Native American activist Richard Oakes is the inspiration for today’s Google Doodle. May 22, 2017, would have been his 75th birthday.
Oakes is best known for creating one of the country’s first Native American studies departments and leading an occupation of Alcatraz Island in the late 1960s.
Oakes was known as “Chief” by his fellow Native Americans. He was born in New York on May 22, 1942 and died on September 20, 1972 at 30.
“Throughout the 1960s and 70s, Richard Oakes made a stand for the rights of American Indians. Over his time as an activist, he fought peacefully for freedom, justice, and the right of American Indians to have control over their lands,” Google says. “Today’s Doodle recognizes places that were important in his life’s story and mission, depicting the Akwesasne reservation, Alcatraz Island, and Pit River. Here’s to Richard Oakes, for his unwavering dedication to his community and social justice.”
Here’s everything you need to know about Oakes.
Oakes was born near the Candian border on the Mohawk Indian Reservation in Akwesasne, New York. As a member of the Mohawk tribe, Oakes fished and planted an assortment of crops. However, the tribe was unable to continue these practices after the construction of the St. Lawrence Seaway, which industrialized the area.
Forced to find a new profession, Oakes became a steel worker which required a significant amount of travel. During one of these trips, Oakes wed an Italian woman in Rhode Island and had a son, Bryan, in 1968.
San Francisco State University
Soon after the birth of his son, Oakes divorced his wife and moved out West to pursue new interests. He enrolled in San Francisco State University where he attended class during the day and worked as a bartender at night. During his time at SFSU, however, Oakes grew frustrated with the curriculum and teamed with an Anthropology professor to include more Native American studies.
This would eventually become the outline for what would be the nation’s first Native American studies program.
Occupation of Alcatraz
Oakes and more than 80 Native Americans led the occupation of Alcatraz in 1969, which is the longest occupation of a federal land in U.S. history. Their goal was to promote awareness for issues affecting Native Americans.
The Richard Oakes Multicultural Center explains, “The goals of the Native inhabitants of Alcatraz Island were to gain a deed to the island, establish an American Indian university, cultural center, and museum. While Oakes and his followers did not succeed in obtaining the island, as a result of their occupation, the U.S. government policy of terminating American Indian tribes ended and was replaced by a policy of Native self-determination.”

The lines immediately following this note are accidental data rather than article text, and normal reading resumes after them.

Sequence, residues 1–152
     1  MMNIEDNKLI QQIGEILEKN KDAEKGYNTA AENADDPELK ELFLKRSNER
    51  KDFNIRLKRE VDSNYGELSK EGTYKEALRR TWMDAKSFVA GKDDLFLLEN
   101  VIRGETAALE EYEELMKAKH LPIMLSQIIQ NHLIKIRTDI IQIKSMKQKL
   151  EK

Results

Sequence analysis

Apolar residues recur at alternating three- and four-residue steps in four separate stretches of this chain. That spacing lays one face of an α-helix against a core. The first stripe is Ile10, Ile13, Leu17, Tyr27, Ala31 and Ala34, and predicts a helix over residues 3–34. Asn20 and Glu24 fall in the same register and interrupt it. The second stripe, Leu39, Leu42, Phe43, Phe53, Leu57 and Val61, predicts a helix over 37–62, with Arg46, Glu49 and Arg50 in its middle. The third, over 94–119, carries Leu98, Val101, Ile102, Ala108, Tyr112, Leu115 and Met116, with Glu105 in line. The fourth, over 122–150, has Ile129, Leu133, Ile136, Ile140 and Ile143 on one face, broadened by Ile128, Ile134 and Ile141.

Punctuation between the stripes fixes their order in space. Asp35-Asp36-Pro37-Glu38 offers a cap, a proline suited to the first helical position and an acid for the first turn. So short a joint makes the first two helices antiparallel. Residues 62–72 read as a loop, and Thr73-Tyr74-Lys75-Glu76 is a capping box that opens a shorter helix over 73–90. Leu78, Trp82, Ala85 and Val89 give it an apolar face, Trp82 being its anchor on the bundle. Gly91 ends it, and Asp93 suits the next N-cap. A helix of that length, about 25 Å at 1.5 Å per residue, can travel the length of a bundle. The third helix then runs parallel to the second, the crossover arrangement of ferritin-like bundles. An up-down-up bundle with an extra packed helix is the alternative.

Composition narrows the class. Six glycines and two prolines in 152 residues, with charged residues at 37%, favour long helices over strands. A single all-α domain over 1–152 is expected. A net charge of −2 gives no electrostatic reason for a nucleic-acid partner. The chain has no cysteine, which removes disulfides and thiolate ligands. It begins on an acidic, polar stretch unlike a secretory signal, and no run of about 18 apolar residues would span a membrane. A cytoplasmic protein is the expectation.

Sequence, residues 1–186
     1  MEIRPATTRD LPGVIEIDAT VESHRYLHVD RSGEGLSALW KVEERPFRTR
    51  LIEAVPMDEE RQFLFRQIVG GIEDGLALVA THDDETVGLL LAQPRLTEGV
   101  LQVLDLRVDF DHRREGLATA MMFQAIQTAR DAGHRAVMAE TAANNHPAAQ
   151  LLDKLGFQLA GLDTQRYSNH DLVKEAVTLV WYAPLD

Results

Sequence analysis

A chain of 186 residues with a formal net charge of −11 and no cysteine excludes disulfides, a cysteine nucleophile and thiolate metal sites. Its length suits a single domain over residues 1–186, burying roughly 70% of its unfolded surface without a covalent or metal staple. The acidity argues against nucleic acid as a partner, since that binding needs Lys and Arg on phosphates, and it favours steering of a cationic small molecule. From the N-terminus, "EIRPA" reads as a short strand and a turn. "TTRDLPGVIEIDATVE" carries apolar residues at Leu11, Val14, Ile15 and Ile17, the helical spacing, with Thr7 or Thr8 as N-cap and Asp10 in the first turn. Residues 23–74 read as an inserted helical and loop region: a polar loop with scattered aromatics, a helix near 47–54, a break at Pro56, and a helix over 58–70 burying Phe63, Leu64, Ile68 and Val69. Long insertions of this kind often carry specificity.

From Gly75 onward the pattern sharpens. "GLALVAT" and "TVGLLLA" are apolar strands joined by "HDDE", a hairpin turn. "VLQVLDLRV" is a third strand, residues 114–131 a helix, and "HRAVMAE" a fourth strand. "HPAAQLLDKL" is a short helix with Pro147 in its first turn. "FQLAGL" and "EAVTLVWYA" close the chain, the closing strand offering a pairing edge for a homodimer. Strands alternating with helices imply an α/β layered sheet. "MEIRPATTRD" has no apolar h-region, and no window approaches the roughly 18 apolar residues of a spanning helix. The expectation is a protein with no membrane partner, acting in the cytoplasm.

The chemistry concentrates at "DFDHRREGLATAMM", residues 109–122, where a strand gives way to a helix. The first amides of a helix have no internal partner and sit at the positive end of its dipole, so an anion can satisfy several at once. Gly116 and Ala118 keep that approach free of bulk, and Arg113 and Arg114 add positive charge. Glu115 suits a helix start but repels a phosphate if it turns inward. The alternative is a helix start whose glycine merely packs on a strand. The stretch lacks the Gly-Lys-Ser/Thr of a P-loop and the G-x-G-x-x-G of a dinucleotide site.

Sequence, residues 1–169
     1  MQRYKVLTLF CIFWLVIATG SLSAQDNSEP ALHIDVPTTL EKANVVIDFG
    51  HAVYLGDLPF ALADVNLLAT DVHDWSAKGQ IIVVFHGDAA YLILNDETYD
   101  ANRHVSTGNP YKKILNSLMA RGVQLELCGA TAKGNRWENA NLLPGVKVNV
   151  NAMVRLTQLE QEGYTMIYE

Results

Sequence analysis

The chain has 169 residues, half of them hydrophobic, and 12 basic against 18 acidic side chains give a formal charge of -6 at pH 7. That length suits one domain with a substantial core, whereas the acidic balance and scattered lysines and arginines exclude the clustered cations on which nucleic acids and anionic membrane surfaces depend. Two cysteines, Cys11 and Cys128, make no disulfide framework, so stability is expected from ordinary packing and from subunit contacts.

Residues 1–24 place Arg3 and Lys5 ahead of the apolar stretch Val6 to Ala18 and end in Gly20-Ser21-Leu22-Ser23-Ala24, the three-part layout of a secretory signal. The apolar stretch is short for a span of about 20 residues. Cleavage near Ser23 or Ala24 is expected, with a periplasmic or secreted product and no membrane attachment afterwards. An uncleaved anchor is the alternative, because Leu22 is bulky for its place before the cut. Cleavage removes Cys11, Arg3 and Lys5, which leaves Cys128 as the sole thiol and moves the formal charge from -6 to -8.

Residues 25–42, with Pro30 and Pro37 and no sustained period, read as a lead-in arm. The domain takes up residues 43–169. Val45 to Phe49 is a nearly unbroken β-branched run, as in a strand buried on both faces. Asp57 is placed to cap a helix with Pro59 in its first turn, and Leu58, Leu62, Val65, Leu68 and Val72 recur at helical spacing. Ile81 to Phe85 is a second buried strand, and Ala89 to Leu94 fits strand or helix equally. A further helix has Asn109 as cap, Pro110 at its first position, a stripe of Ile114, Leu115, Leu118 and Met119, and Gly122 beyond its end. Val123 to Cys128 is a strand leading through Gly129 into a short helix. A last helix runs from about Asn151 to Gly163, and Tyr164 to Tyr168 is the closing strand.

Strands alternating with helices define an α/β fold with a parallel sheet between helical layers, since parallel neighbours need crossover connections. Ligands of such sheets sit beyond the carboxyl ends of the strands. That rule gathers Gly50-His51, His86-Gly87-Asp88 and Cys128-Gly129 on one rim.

The group would occupy the island until 1971. Unfortunately, the death of Oakes’ teenage-step-daughter in 1970 pushed him to voluntarily depart the island soon after. The remaining protestors were removed by the government shortly after. Though they failed in their goal to obtain ownership of the island and establish an independent community, they did succeed in affecting U.S. policy.
The Termination of Indian Tribes policy that was established in the 1940s was terminated in favor of the Indian Self-Determination policy, which allowed the government to provide grants to Native tribes.
Oakes was married a second time, in 1969, to Anna Marufo, a member of the Kashia Pomo nation, according to a Historical Dictionary of Native American Movements. He adopted her five children. Anna Oakes died in August 2010, according to The Press Democrat. Anna Oakes was with her husband at Alcatraz, and it was there where her daughter died, falling three stories from a prison structure, according to her obituary.
Oakes was shot and killed by Michael Morgan, a camp manager at YMCA. Morgan had a poor reputation in regards to his treatment of Native American children. Oakes reportedly confronted him over this, which prompted Morgan to draw a handgun and shoot Oakes point blank.
Morgan was charged with involuntary manslaughter, but he was found not guilty by an all-white jury six months because Oakes was deemed to have been acting aggressive, allowing Morgan to use a self-defense legal response.
“I’m not bitter. I’m hurt,” his wife, Anna Oakes, told the Press Democrat after the verdict. “In a case like this, if an Indian had shot a white man, do you think they would have come out with the same verdict?”
In November 2009, San Francisco Mayor declared the 40th anniversary of the Alcatraz occupation to be Richard Oakes Day in the city.